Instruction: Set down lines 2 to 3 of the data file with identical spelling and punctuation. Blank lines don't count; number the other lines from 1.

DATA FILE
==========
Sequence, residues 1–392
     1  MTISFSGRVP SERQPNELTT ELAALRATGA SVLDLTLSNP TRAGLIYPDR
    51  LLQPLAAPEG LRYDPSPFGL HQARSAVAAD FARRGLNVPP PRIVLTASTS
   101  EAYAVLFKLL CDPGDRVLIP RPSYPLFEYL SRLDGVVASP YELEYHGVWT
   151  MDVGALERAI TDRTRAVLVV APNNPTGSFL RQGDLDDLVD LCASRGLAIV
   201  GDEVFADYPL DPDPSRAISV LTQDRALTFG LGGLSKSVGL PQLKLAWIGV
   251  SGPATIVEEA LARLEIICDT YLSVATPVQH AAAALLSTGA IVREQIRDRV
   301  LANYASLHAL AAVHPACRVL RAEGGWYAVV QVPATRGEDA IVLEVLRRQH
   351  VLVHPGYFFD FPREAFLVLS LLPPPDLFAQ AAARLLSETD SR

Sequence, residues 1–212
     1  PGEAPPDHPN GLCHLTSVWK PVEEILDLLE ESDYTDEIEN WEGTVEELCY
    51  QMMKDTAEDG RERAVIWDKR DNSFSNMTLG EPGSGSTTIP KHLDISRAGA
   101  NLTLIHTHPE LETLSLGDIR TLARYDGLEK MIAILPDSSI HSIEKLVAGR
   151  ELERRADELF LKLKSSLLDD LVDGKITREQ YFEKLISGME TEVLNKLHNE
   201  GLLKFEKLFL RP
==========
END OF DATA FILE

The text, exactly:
     1  MTISFSGRVP SERQPNELTT ELAALRATGA SVLDLTLSNP TRAGLIYPDR
    51  LLQPLAAPEG LRYDPSPFGL HQARSAVAAD FARRGLNVPP PRIVLTASTS